Why we’re all only as good as the tools we have


As part of my role at Twenty3, I help out various departments and work alongside different people. It’s rare for me to work directly with my former editor, but the opportunity arose not so long ago. 

We discussed a few content ideas for my weekly column and one that I was really fond of was looking at where full-backs take the majority of their crosses from.  That eventually turned into the piece published a couple of weeks ago. However, when I pitched it, I jokingly said something along the lines of ‘can you imagine how tricky this would be to write without the Content Toolbox?’. 

That then resulted in me attempting to write something on Trent Alexander-Arnold’s assist map for the 2019/20 campaign, but without the Toolbox. 

So here we are. Batman without his gadgets. Tony Stark without his Iron Man suit. My first port of call was to speak Mark Thompson. In work, I call him Marvis – a play on Iron Man’s AI named Jarvis. If I’m unsure about something, Mark tends to know the answer.  

When I told him about this particular task, he laughed. That is when it really hit home that this was going to be difficult. 

Most sites with access to data have numbers only. I can find out how many assists Alexander-Arnold managed (13) in the Premier League last season. I can tell you what games these assist arrived in, too. I won’t, but I can. 

In a fortunate turn of events, I discovered that Liverpool had posted all of their right-back’s assists on YouTube in a recent complication package. I watched all three minutes and 43 seconds of it before revisiting it another three times in an attempt to plot where he assisted the goals from in my notepad. Why did I need to watch it four times? The quirky camera angles used in the video didn’t help. 

Tools: Hand-drawn assist map for Trent Alexander Arnold.
Note from Editor: Don’t try this at home

I can’t really use the above in an article, though I probably did use similar things to that in pieces back when I started, so I went to the Tactical Board website and tried to plot them manually. I failed. I could highlight areas but it was nowhere near as detailed as I would have liked it to be. However, it was the best I was going to be able to do.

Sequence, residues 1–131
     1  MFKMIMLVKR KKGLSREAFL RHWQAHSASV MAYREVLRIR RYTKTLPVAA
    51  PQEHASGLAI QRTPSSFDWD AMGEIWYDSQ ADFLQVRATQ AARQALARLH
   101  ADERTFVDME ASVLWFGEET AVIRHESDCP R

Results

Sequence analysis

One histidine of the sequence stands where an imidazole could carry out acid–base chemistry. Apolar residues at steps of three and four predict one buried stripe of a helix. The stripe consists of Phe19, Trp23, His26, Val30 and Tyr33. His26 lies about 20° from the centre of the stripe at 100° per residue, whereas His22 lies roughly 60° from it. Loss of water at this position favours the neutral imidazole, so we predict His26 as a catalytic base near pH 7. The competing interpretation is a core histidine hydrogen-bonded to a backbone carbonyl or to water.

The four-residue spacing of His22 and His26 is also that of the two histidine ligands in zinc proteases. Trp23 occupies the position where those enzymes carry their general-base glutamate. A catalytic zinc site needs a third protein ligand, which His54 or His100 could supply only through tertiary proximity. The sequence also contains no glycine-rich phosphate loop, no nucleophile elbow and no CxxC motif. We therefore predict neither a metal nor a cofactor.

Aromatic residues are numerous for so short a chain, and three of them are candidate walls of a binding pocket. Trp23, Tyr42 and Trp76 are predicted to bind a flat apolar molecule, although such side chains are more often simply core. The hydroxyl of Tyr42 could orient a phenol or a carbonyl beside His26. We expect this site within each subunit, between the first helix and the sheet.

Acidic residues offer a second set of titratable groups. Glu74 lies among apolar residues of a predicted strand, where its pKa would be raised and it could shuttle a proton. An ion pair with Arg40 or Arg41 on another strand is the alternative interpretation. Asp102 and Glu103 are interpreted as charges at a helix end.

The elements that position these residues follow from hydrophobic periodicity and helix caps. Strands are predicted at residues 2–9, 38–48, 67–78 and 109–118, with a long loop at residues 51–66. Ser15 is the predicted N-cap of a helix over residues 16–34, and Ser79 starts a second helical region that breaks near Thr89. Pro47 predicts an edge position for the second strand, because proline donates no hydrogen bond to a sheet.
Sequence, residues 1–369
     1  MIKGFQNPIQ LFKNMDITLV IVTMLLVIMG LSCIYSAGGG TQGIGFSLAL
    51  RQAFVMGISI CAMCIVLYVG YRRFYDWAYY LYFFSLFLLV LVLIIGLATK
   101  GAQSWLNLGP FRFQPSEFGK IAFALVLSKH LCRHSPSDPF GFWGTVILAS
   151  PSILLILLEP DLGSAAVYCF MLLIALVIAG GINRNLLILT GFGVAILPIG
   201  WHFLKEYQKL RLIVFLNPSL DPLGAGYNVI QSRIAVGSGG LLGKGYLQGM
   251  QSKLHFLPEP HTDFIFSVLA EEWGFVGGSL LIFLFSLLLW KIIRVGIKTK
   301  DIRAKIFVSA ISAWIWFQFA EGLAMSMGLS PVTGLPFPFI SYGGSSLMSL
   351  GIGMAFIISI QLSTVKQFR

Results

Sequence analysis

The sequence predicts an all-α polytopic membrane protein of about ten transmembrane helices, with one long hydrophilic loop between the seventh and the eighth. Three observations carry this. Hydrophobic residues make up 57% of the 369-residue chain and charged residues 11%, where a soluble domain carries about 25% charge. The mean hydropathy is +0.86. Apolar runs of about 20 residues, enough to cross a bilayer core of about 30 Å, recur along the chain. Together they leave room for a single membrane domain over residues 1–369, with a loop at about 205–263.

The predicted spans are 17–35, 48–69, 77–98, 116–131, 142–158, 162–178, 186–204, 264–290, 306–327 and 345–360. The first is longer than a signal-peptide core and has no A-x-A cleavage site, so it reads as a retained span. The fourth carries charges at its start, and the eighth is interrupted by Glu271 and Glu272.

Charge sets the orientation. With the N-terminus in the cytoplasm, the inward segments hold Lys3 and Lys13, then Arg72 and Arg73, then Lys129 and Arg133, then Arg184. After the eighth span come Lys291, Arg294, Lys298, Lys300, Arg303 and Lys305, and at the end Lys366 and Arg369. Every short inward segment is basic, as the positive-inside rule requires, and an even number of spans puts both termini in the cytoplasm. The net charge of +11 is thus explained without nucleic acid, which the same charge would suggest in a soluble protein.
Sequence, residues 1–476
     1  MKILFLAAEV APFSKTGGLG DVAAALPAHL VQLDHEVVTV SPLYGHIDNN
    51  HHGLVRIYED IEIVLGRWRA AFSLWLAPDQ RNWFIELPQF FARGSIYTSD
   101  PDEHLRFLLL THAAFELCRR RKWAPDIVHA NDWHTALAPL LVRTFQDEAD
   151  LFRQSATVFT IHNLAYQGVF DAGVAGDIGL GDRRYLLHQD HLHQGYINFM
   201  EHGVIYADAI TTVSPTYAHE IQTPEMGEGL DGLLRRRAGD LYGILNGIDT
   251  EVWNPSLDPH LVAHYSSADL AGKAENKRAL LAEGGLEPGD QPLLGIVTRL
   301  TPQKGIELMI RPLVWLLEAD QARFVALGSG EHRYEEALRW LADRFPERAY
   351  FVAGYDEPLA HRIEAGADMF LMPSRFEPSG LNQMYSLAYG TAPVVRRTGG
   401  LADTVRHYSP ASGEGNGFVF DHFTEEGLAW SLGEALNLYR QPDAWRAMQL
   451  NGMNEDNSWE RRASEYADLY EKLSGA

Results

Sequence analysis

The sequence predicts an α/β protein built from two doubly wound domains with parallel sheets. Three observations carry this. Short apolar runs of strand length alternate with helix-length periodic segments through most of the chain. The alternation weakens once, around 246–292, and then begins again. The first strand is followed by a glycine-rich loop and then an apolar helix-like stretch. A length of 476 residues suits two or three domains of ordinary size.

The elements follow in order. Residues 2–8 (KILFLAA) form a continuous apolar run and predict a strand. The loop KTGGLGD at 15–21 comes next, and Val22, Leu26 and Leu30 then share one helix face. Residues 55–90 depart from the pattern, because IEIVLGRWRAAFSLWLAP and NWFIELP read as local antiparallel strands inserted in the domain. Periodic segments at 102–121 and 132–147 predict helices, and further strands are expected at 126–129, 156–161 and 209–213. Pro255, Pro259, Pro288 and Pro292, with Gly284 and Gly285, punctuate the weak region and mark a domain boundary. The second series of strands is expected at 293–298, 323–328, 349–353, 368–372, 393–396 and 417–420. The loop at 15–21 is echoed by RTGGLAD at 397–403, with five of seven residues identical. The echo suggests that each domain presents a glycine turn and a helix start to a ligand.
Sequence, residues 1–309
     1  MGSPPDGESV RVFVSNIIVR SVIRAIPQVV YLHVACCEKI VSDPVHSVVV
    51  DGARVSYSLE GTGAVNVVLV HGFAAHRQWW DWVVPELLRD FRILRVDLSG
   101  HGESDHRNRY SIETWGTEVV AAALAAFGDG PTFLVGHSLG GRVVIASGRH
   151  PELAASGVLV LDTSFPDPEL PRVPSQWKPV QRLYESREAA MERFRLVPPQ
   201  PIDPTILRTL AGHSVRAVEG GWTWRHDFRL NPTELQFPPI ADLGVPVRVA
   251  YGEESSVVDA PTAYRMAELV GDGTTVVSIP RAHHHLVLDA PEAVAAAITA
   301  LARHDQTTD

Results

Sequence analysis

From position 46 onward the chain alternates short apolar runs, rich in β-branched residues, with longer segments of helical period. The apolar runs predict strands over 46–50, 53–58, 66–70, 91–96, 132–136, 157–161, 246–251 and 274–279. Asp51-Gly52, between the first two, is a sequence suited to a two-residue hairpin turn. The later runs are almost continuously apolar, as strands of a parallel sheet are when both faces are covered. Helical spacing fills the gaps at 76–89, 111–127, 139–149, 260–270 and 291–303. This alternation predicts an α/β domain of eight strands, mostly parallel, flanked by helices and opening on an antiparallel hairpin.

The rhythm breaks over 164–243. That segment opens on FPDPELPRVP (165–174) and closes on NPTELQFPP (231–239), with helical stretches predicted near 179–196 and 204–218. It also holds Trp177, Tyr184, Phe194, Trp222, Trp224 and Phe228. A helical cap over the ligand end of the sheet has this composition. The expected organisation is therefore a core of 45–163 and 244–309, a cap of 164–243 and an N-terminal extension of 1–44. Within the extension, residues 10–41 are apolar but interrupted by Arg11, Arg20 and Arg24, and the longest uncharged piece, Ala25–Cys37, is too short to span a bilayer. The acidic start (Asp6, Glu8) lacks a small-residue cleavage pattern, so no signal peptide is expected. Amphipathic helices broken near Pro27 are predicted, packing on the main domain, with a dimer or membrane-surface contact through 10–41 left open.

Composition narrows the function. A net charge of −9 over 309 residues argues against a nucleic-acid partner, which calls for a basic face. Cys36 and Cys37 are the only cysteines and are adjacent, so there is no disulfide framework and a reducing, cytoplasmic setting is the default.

Tools: Graphic of Trent Alexander-Arnold's assist map.

It’ll surprise nobody to see the majority of Alexander-Arnold’s assists originated from the right. But the graphic, if you can call it that, fails to provide any real context. It isn’t something I’d want to include in a piece of work, either. I tried to rope the design team into helping me make it look nicer, but they weren’t part of the settlement so they, rather ironically given the subject, couldn’t assist. Without it, I have no visual aid for my idea.

Some people use viz and graphics as a tick box, just to say they’ve added it to their work. However, using them properly makes your life easier. For example, I could say ‘Alexander-Arnold racks up a lot of his assists just outside of the area’, but that is vague and leaves a lot open to interpretation. Which part of the area? How close to the area? 

With a viz, obviously not the one above, that statement is immediately backed up and you aren’t left wondering whether you’ve explained it in enough detail. 

I realise an assist map is something of a niche topic, but team and opposition analysts would likely find it useful. Assists are often talked about in the media, too, so being able to look at one without plotting the coordinates yourselves and spending hours creating something is a game-changer. 

In the end, I had to admit defeat. Without the right tools, the granular analysis just cannot be done. Yet, give me back the Toolbox and I could have grabbed the information I needed inside of 40 seconds.